When Mercedes have got it right this season they've been untouchable quite often actually. Ferrari have been better but they've not had a dominant advantage as often as Mercedes have, which I think is the gist of what Vettel is saying here.


Ferrari had a big advantage over Mercedes in Mexico.

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PostPosted: Fri Nov 02, 2018 6:42 pm 
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F1_Ernie wrote:
Black_Flag_11 wrote:
The only races I would describe as dominant off the top of my head are Australia, China, Spain, France and Singapore. So 4-1 to Merc.

When Mercedes have got it right this season they've been untouchable quite often actually. Ferrari have been better but they've not had a dominant advantage as often as Mercedes have, which I think is the gist of what Vettel is saying here.


Ferrari had a big advantage over Mercedes in Mexico.

In the race yes but that seemed more due to tyre wear, in qualifying they seemed more or less equal with maybe a slight edge to Mercedes. Ferrari clearly the better car that weekend but I wouldn't call it dominance.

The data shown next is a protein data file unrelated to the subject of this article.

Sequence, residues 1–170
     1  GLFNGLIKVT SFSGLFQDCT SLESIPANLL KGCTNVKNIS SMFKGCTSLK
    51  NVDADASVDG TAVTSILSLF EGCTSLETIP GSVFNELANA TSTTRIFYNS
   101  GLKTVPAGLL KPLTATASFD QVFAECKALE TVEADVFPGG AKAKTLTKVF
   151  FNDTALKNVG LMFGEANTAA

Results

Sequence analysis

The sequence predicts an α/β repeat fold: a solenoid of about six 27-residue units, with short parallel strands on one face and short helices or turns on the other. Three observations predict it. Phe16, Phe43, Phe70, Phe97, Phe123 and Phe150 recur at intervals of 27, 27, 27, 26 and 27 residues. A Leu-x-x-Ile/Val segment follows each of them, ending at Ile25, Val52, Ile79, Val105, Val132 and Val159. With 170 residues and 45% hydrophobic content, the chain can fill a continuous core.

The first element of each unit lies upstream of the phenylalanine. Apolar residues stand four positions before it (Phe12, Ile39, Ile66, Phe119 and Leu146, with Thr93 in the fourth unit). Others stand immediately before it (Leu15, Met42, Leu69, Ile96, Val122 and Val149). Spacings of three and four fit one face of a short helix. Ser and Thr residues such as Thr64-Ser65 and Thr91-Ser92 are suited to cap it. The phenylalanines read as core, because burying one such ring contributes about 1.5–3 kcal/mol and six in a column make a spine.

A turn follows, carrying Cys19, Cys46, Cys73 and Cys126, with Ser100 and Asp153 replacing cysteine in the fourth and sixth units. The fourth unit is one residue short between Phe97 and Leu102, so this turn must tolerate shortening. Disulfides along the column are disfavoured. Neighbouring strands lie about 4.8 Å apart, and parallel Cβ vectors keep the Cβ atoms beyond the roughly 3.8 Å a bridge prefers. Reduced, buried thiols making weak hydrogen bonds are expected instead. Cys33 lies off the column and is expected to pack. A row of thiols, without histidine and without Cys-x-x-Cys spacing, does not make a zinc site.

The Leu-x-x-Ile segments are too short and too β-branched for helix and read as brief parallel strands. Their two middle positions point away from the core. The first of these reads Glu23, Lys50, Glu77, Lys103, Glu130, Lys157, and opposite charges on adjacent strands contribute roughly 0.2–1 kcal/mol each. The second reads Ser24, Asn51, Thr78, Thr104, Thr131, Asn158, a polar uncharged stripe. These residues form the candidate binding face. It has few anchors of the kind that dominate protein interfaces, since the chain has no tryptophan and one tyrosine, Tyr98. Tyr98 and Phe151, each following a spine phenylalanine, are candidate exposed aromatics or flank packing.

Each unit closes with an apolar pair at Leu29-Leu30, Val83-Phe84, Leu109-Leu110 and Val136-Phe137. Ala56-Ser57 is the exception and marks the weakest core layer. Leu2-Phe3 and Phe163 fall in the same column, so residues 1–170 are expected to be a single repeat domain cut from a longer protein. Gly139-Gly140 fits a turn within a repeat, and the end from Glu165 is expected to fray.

I pretty much define dominance as when they look untouchable in terms of pure pace all weekend.


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PostPosted: Fri Nov 02, 2018 6:53 pm 
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Black_Flag_11 wrote:
The only races I would describe as dominant off the top of my head are Australia, China, Spain, France and Singapore. So 4-1 to Merc.

When Mercedes have got it right this season they've been untouchable quite often actually. Ferrari have been better but they've not had a dominant advantage as often as Mercedes have, which I think is the gist of what Vettel is saying here.

This is something I actually noticed myself earlier in the season. Ferrari has been ahead more often, but when Merc is ahead they're often ahead by more than when Ferrari is ahead.

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PostPosted: Fri Nov 02, 2018 6:59 pm 
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Black_Flag_11 wrote:
F1_Ernie wrote:
Black_Flag_11 wrote:
The only races I would describe as dominant off the top of my head are Australia, China, Spain, France and Singapore. So 4-1 to Merc.